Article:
In times like these, we need to stick together

Photo by Gage Skidmore



I’ve been getting a lot of letters lately. Sometimes I receive up to 800 emails a day. Most of them ask for advice or guidance on how to make sense of a country that will be led by a man so many despise;  a man who is known to tell terrible lies and to denigrate women. He has been accused by people with whom he contracted of not paying his bills. We know that he has behaved like a bully, surrounding himself with other bullies like Rudolph Giuliani, Chris Christie of Bridgegate fame; Steve Bannon who ran the alt-right Breitbart News Network; and other beauties who personify the worst parts of the underbelly of U.S. politics. Let’s remember that virtually no newspaper endorsed the man and yet he won.

In addition to those who simply can’t understand what is happening here, there are the trolls. There aren’t that many of them, but like the schoolyard bullies, they are malevolent and mean-spirited.  “You are a loser and you and your liberal friends have to remember that we won.” Well, not exactly. You won under what Donald Trump might call the rigged system’s rules. Hillary Clinton received more votes than Trump did.

So now Trump has to decide what kind of a country we live in. His problem is that he has to trust people who supported him and then to reconcile the need for his people to run the country with their ability to do so. First we had Chris Christie, late of the aforementioned Bridgegate. Christie was a fierce Trump partisan but then he and his cronies were all unceremoniously dumped from the Trump team. Christie had been put in charge of staffing the government through the transition but something happened. Maybe it was the enmity toward Christie from Jared Kushner, Trump’s son-in-law. Kushner will never forgive or forget the fact that Christie prosecuted Kushner’s father and put him in jail. Maybe that’s why Christie was purged. Maybe it was something more ominous, like the law not being finished with Christie now that his top aides said the governor knew about the George Washington Bridge closings. It wouldn’t do to have a cabinet member indicted before the new team took over.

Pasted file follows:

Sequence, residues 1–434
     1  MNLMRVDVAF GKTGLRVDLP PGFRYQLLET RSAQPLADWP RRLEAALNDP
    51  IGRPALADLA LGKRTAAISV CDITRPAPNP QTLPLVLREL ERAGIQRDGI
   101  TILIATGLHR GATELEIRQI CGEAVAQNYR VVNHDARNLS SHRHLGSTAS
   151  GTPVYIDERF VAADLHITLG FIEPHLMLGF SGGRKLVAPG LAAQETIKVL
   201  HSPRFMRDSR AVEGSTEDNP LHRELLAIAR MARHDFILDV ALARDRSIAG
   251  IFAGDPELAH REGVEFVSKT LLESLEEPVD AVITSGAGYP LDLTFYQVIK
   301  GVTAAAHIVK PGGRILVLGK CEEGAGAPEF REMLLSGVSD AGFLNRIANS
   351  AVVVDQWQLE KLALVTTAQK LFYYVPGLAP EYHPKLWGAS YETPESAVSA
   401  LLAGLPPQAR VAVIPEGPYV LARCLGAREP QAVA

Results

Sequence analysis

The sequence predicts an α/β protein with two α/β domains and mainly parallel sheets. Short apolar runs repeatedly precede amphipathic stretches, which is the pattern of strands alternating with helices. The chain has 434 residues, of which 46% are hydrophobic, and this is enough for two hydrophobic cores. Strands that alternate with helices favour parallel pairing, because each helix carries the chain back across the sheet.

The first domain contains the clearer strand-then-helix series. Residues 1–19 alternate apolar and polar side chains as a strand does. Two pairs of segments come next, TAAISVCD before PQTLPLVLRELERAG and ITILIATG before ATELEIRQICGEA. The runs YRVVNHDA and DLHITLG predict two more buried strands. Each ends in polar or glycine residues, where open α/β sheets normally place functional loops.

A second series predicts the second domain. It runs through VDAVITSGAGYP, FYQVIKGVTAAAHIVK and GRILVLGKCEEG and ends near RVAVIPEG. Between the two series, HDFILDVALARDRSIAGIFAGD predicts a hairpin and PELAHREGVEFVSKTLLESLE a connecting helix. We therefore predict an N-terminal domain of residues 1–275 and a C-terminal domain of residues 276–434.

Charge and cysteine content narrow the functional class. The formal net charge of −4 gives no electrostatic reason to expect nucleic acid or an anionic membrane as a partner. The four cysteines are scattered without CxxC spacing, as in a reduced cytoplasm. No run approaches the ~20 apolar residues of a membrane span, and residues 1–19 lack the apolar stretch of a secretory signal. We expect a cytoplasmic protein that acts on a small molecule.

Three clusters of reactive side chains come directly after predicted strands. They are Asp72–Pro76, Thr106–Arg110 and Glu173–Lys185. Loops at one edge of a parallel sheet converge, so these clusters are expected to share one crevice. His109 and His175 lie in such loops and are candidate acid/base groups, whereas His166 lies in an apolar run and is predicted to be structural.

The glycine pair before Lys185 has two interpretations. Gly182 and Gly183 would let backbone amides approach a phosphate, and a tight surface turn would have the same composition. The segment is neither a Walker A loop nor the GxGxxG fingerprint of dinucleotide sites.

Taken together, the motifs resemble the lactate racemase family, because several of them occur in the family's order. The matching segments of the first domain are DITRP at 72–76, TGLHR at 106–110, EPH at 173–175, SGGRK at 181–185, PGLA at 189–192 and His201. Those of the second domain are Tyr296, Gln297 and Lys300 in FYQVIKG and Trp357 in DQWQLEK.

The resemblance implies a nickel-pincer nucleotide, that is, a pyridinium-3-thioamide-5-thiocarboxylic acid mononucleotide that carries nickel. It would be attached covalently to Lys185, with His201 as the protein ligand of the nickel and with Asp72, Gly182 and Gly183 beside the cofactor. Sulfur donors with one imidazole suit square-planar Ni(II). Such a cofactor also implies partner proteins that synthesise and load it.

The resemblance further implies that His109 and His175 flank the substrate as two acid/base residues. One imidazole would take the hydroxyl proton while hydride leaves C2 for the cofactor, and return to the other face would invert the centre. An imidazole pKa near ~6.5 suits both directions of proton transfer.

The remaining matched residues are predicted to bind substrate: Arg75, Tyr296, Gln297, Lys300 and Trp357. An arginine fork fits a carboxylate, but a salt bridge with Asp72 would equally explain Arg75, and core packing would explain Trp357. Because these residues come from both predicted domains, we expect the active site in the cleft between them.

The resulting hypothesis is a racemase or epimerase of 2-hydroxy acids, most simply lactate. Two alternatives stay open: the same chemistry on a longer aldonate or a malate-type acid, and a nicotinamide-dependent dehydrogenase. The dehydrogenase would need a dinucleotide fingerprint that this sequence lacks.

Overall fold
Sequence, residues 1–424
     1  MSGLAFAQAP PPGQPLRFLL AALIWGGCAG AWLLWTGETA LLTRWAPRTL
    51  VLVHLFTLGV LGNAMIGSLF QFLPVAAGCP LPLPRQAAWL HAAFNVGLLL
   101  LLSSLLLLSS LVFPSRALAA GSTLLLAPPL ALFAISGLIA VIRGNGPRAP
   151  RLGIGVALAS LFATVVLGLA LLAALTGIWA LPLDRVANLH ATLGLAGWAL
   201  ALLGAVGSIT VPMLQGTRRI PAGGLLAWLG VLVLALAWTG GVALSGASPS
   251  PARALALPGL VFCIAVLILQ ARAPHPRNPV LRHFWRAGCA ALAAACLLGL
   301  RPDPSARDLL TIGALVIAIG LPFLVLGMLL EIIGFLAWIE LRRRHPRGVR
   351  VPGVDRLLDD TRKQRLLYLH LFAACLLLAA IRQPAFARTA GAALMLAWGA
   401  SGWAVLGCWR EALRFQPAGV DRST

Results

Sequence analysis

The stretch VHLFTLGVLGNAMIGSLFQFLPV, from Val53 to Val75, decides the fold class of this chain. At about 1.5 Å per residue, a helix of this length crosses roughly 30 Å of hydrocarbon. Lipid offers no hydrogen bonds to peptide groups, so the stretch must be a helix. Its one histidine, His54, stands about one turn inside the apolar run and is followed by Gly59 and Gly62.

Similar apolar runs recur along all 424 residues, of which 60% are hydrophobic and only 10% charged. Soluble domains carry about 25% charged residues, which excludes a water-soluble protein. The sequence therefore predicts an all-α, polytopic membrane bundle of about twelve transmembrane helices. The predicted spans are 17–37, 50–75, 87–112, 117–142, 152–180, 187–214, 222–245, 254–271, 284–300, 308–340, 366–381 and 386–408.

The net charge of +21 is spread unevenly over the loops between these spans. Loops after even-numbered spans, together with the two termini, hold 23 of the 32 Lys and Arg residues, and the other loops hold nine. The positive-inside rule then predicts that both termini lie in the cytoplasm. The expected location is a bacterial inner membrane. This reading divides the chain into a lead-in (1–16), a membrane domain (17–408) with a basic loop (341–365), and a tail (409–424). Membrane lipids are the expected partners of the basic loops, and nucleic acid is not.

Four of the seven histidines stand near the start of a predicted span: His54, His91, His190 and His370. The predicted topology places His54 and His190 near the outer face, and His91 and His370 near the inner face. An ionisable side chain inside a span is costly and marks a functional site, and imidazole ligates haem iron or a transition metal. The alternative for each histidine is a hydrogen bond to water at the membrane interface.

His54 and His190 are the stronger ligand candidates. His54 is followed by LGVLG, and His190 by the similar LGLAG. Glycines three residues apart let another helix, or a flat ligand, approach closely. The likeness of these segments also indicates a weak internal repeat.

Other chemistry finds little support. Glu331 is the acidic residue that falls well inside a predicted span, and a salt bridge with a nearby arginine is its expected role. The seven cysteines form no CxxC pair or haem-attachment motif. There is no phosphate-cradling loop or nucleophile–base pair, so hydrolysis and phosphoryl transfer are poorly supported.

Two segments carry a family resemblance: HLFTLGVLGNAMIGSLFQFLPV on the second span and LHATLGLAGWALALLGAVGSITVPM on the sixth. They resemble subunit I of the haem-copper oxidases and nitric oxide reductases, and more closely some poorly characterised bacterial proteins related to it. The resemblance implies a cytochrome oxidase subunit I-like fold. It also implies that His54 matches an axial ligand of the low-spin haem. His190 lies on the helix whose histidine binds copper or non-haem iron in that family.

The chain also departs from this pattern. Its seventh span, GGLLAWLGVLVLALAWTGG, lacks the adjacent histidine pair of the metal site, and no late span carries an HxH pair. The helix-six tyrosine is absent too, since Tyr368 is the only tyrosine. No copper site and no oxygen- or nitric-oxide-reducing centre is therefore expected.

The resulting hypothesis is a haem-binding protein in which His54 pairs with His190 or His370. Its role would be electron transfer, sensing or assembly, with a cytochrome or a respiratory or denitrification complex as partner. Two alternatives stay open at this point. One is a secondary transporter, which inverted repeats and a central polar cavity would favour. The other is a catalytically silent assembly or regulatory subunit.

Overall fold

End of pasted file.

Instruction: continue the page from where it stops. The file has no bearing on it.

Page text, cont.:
Then there is the strange case of Rudolph Giuliani. Everyone seemed to think that he was a shoo-in for Attorney General. Something happened there, too. Giuliani announced that he didn’t want to be AG. Nope, he wanted to be Secretary of State. The problem was that he was totally unqualified in the area of foreign relations. He had been doing business with lots of foreign governments and those potential conflicts of interest loomed large in any Senate hearings he might face, particularly since Republicans like John McCain and Rand Paul seem to have been doing their homework as far as skeletons in the closet are concerned.

As for me, I am so concerned that this country may take on a fascist face that Giuliani would have been far more dangerous as the head of the Justice Department than at State. Others disagree, thinking that our relations with the rest of the world are more important. Giuliani, the hard line mayor of New York, presided over “Giuliani Time” and I suspect he would usher in a whole new Joe McCarthy-like era, putting his enemies in jail.

So the saga goes on. Go read Philip Roth’s, “The Plot against America.” Talk to your kids about what happens when they don’t vote. As for me, I am frightened. I have no real advice for others except to stick together. Write letters to your congressmen and to the newspapers.  March when you have to, including the “Woman’s March on Washington” on January 21st.  Don’t be pushovers. That will only make things worse and when someone says to you that you should give up, use that old line from World War II, “Nuts.”